People all over the world wonder why Chess is not an Olympic sport.
Chess has it all.
“But Father! But Father!”, some of you skeptics, probably papolatrous pipsqueaks – Peepees – are peeping, “In chess they, you know, they just sorta, you know, sit there for hours. What would that be like on TV?!? And it’s about TV now, right? And besides, since we must now reinterpret the entirety of world history according to the secret teachings of Vatican II which only we can reveal to you, anything that pits white against black is, with white going fiiiiiirst, is… is … you know, racist. And you HATE VATICAN II! So there can’t be Chess in the Olympics. Duh!”
Another brilliant argument from the Peepees.
In the 1920’s Chess was, by the way, recognized as a sport by the International Olympic Committee (IOC).
And it’s not about the TV… now it’s about the money… and wokeness. Wokeness and money. Politics, wokeness and money.
There may be things about Chess that Chess-skeptics, anti-Chessers don’t know.
For example, we read about the physical strain that Chess take on a person at higher levels of play. Enormous stress on the body, huge calories burned. Check out this story at ESPN.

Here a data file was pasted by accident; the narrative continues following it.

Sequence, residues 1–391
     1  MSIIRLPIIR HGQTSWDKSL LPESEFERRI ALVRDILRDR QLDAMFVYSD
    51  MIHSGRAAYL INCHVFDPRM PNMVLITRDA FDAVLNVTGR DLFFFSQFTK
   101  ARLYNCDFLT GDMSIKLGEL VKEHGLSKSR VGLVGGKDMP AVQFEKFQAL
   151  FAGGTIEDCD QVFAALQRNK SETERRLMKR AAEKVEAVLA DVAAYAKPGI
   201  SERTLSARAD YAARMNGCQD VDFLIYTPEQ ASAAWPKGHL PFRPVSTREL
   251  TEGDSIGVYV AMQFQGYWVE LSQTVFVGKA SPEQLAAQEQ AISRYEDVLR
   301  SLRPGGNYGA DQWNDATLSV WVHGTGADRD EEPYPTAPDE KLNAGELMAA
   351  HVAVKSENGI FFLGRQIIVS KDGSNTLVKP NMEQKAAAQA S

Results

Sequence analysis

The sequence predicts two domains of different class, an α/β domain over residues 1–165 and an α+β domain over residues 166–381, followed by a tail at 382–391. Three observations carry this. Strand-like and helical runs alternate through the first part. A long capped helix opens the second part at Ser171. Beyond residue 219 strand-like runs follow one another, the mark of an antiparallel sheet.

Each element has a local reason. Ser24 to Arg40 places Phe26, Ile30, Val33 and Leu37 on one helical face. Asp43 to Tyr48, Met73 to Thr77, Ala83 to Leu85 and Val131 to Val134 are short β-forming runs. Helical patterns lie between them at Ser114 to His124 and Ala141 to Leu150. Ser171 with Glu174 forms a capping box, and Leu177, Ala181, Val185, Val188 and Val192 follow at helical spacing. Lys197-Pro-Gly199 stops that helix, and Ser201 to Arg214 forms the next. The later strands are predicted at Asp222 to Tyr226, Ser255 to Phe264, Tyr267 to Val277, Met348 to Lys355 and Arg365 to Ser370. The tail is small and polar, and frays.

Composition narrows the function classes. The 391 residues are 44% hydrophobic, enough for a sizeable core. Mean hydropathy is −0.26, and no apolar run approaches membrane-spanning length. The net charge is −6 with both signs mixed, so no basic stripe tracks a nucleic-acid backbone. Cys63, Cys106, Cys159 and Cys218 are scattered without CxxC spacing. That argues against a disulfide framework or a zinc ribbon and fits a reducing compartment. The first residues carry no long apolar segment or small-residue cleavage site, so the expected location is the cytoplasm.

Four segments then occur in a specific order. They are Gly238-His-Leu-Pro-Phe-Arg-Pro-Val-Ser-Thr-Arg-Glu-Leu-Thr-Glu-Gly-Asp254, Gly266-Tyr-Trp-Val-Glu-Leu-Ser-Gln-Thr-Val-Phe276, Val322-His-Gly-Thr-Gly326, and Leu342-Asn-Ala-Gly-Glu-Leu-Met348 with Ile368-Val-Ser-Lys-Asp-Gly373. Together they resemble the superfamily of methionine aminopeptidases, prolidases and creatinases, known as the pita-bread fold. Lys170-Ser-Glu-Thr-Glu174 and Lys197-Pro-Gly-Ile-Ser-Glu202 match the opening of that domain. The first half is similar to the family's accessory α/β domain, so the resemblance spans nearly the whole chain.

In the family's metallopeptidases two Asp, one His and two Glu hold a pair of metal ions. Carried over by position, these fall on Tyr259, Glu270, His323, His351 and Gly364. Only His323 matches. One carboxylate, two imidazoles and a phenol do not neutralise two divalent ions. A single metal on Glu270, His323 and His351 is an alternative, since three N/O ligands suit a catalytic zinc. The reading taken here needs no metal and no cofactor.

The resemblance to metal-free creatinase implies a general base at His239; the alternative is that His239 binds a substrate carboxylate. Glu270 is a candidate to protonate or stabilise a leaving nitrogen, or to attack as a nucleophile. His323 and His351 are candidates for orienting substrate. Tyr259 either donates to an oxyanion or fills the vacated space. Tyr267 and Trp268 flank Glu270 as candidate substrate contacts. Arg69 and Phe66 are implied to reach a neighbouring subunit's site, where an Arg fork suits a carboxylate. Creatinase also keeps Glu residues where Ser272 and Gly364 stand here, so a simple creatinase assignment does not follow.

In 2004, winner Rustam Kasimdzhanov walked away from the six-game world championship having lost 17 pounds. In October 2018, Polar, a U.S.-based company that tracks heart rates, monitored chess players during a tournament and found that 21-year-old Russian grandmaster Mikhail Antipov had burned 560 calories in two hours of sitting and playing chess — or roughly what Roger Federer would burn in an hour of singles tennis.
[Magnus Carlsen] has even managed to optimize … sitting. That’s right. Carlsen claims that many chess players crane their necks too far forward, which can lead to a 30 percent loss of lung capacity, according to studies in the Journal of Physical Therapy Science. And, according to Keith Overland, former president of the American Chiropractic Association, leaning 30 degrees forward increases stress on the neck by nearly 60 pounds, which in turn requires the back and neck muscles to work harder, ultimately resulting in headaches, irregular breathing and reduced oxygen to the brain.
“A chess player can develop chronic neck and upper back pain, as well as sore shoulders and backaches,” says Overland, who has worked with the New York Mets and the U.S. Olympic Training Center. “This is particularly concerning considering how much energy they are exerting on playing a competitive game of chess at the highest level.”
So, sitting at a board playing Chess for a long time can require, at higher levels, training like an athlete.
And then there’s…
…Giant Bullet Chess.